We’ve already seen the issues from a visa standpoint for Mikhail Aleshin trying to get back into the U.S. and while it’s certainly possible Rossi’s trip back-and-forth will go swimmingly, it’s not a guarantee. Ironically, it’s Aleshin – a Russian – keen to race in America while Rossi – an American – would be making his first trip back to Europe to Russia.
Crucically, Rossi would be missing out on at least one week of necessary preparation for Indianapolis – both the Grand Prix and Indianapolis 500 – to gel with his team and teammates and be like a sponge in understanding the challenge of his first month of May.
It leaves the impression he’d rather be standing in the garage and perhaps doing an FP1 outing on a track devoid of any history, instead of coming to grips with how Indianapolis gets on.
The other four non-conflicting F1 weekends during the IndyCar season are at Baku, Azerbajian, the week in between Texas and Road America in June, Austria, the week before the Iowa and Toronto weekends in July, Hungary, the week in-between Toronto and Mid-Ohio, and Belgium, the week before Boston.
It could create a nightmare logistical situation and might impact Rossi just from a pure jet lag standpoint. He’s committed to living in Indianapolis this year, but the travel does tend to wear on you.
It doesn’t really help Manor, either, frankly. Rossi can attend 11 Grands Prix but say at one of the 10 he’ll miss, either Pascal Wehrlein or Rio Haryanto falls ill and is unable to take part. Where, then, does Manor turn for a replacement driver? Would Rossi’s reserve role mean on the off chance he could get to a conflicting Grand Prix that he’d give up his IndyCar ride?
In speaking to Bryan Herta at Phoenix for the Test in the West, he spoke highly of Gabby Chaves and said while Rossi was on his radar, it was more the Andretti team that he’d been negotiating with in case his original Manor race program fell through.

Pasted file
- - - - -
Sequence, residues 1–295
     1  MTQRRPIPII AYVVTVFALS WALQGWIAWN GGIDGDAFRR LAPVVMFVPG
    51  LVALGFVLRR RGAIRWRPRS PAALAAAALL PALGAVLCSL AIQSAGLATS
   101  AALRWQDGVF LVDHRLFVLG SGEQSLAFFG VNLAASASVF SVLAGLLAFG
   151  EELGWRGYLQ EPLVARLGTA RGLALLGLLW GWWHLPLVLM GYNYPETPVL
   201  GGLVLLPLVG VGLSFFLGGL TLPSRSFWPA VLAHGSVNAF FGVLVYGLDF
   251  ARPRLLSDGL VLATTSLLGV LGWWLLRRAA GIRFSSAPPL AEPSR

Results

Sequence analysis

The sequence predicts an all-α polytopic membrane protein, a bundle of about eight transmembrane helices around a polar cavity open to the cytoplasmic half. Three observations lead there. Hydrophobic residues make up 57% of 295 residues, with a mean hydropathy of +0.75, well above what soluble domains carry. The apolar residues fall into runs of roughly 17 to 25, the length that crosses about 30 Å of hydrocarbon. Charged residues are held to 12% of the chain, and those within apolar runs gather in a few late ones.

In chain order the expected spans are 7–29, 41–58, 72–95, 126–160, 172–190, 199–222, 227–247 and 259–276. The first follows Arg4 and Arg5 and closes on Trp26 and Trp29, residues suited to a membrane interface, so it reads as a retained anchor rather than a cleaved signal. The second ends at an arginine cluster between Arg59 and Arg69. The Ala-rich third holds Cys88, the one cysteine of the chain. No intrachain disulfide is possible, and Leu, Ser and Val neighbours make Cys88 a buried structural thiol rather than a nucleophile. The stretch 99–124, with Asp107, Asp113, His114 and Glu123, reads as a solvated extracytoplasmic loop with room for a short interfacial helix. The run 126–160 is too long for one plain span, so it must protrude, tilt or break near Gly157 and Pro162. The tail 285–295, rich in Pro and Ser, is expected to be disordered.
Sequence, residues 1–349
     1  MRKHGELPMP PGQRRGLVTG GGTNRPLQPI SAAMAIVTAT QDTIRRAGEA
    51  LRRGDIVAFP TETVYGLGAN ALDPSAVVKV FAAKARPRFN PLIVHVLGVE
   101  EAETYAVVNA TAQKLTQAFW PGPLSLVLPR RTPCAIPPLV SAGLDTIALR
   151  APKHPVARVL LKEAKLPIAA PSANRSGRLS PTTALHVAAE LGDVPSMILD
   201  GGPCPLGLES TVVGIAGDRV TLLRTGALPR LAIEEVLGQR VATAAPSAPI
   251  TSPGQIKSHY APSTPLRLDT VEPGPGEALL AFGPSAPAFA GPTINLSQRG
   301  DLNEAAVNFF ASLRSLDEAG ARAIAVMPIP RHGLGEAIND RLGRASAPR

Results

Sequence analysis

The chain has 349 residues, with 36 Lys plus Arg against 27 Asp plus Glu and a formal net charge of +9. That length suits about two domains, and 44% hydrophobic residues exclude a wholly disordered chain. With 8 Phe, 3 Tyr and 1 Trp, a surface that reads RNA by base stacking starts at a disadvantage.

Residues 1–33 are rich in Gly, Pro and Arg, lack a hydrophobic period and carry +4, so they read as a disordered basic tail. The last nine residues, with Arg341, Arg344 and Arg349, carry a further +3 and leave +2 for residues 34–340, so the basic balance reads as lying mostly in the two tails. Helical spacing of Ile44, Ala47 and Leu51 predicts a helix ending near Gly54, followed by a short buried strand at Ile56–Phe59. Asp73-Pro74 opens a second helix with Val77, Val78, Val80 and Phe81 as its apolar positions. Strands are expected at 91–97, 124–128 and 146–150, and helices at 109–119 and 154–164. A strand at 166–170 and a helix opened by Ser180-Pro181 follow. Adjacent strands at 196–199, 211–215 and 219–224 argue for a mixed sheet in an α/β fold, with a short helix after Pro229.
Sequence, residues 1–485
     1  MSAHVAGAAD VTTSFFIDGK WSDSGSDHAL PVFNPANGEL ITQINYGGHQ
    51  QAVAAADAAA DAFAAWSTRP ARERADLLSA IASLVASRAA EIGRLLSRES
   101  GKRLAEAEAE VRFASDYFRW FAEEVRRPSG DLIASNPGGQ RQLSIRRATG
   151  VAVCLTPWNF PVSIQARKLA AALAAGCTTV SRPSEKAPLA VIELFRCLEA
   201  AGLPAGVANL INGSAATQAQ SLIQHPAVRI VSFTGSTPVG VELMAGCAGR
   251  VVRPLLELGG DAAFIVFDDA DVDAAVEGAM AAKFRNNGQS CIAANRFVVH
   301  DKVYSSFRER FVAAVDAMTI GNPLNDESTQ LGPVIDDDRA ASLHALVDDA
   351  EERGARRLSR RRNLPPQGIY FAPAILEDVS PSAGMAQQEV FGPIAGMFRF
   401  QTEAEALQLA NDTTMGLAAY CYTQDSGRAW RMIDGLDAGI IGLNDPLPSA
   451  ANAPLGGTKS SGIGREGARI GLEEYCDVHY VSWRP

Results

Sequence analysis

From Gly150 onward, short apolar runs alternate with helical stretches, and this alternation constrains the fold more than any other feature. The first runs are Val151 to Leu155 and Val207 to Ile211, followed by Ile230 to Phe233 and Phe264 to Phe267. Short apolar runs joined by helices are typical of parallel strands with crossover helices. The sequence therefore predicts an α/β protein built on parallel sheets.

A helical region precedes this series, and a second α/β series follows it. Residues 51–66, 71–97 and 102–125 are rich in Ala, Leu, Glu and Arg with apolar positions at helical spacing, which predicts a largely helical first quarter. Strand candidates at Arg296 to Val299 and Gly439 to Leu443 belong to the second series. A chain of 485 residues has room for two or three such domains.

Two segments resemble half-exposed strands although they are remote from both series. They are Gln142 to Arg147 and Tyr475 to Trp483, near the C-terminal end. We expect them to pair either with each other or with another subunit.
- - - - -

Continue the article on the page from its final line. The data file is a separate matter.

“We were very aware of Alexander, yes, but Alexander had been in contact with Michael at various times the last couple years as I understand it,” Herta told NBC Sports.
“When I came to Michael, there were a few other drivers on the list, and it really, Alexander’s management had reached out to Andretti almost coincidentally right in the time frame we started talking. ‘We think the Manor thing is gonna happen but if it doesn’t, is there anything there?’ He very quickly became at the top of the list.
“Gabby is a great race car driver. No doubt about it. That’s why we worked so hard through the winter to put something together with him. I feel terrible for him we don’t have anything.
“But he’s young. He’s got a lot of talent. He showed a lot of promise in our car. It shows that when Sam needed someone for this test, when Aleshin couldn’t get his visa, Gabby was first on the list. He’d be first natural guy on every list.”
The thing about Chaves – or the litany of other drivers who’ve come to America to pursue their IndyCar dreams and yet currently don’t have a ride (Tristan Vautier, JR Hildebrand, Sage Karam, et al) – is that you knew they wanted to be in IndyCar. They came up through the Mazda Road to Indy and viewed IndyCar as a destination, not a stop gap.
Rightly or wrongly, Rossi keeping his foot in the F1 door gives off the impression he doesn’t. Which is all fine and good – he needs to do what’s best for his career – but makes his IndyCar bow seem disingenuous.
In looking through this year’s IndyCar grid, you can’t be half-assing your efforts if you expect to have success.
Speaking from experience both in my college and professional career, when you’re balancing two or more roles simultaneously, inadvertently one gets overlooked or doesn’t receive the same amount of focus and attention.
You can push through, certainly, and get done with all your tasks. But, you could feel terrible because one or the other role did not get the necessary attention, desire or effort it deserved.
In IndyCar, given the depth of field this year from spots 1-22, there are no slouches, no excuses, and no room for error.
I like Alexander Rossi personally, as I’ve known him since he last raced here full-time in 2008. I really do wish him well in both his roles and opportunities this year. And I hope he has the chance to enjoy an In ‘N Out burger not just at Long Beach, but at Phoenix too.
But I hope he embraces and understands the magnitude of what he’s gotten himself into.
And I’d be lying if I said I wasn’t disappointed that upon committing to IndyCar, he seems to already have one foot out the door.
Opinions expressed are those of the author only and do not reflect those of the entity on the whole.